Your website needs a clear “Home” link

This could be the shortest post in my Minute UX series. Look at your website. If there’s no “Home” link (apart from the logo) in the main navigation, you need to add it. End of post.

Don’t believe me? Read on.

A common recommendation I make after many UX audits is to include an explicit “Home” link in the navigation (in addition to the logo linking to the homepage). That recommendation is often ignored, probably because web designers believe everyone knows the logo links to the homepage.

In fact, not everyone knows the logo is a homepage link. Far from it. While the logo-as-homepage-link has become a convention, research  shows that a significant portion of people still look for a clearly labeled link. I’ve conducted many website testing sessions and watched people struggle to get to the homepage when there is no “Home” link.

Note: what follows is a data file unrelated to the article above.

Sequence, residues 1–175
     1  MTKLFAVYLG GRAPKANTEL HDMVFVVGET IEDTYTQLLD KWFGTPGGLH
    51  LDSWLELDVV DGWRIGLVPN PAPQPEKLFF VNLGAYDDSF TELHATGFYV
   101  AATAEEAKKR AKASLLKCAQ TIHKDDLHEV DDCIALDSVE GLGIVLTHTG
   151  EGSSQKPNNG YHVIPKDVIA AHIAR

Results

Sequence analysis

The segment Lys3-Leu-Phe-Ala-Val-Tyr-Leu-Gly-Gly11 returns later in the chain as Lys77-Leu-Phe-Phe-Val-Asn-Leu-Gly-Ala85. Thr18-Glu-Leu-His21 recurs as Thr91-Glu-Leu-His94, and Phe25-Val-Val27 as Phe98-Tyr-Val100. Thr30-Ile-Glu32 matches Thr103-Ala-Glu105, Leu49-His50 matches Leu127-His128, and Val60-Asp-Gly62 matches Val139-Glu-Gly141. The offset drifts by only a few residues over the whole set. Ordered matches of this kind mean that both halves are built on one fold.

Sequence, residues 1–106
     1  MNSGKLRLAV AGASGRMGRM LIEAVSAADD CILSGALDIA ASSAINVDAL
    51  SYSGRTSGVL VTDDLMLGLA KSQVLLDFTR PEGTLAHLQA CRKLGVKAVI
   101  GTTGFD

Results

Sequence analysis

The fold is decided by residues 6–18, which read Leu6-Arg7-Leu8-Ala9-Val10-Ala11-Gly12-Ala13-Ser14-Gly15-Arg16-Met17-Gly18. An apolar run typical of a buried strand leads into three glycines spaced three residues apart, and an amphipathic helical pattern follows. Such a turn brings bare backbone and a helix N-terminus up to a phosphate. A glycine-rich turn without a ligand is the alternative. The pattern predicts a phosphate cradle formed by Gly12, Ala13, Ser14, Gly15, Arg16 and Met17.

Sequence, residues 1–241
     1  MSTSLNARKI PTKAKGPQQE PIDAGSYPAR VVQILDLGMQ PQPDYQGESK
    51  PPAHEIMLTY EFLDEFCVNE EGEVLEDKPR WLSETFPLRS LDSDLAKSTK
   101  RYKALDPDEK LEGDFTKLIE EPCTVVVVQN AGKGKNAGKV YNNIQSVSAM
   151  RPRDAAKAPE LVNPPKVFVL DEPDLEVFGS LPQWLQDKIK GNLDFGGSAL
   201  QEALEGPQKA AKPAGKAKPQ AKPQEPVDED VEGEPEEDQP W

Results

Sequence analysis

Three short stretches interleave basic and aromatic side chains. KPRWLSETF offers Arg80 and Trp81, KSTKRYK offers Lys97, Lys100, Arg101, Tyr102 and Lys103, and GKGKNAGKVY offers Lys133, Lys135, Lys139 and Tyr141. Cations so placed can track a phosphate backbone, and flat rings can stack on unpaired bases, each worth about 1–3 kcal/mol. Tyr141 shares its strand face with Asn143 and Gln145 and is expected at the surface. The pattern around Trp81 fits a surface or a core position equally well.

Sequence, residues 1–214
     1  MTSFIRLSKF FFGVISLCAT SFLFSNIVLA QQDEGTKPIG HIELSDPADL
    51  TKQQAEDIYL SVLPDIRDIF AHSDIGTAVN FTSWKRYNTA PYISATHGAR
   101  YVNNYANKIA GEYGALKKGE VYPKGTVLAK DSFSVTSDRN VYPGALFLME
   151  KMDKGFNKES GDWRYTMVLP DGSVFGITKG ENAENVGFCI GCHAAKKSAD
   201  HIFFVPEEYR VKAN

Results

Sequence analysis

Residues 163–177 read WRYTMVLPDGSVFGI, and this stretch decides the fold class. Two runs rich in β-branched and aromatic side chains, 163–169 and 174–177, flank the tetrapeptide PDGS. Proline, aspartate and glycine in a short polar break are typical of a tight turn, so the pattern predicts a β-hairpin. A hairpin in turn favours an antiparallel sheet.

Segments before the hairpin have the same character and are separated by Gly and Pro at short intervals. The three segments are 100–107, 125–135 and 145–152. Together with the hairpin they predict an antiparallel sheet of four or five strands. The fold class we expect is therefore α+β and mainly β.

For accessibility, a text link is better than relying solely on the logo, which may be difficult for people using screen readers to identify as a homepage link. For the same reason, don’t use only an icon for the home link, also include the text “Home” with an icon, or simply use text.

Steve Krug in his must-read UX classic, Don’t Make Me Think  says,

One of the most crucial items in the persistent navigation is a button or link that takes me to the site’s homepage.

A prominent “Home” link acts as a reassuring “reset button” that allows users to reorient themselves if they get lost browsing a website.

Still don’t believe? Let NN/g’s Kathryn Whitenton explain:

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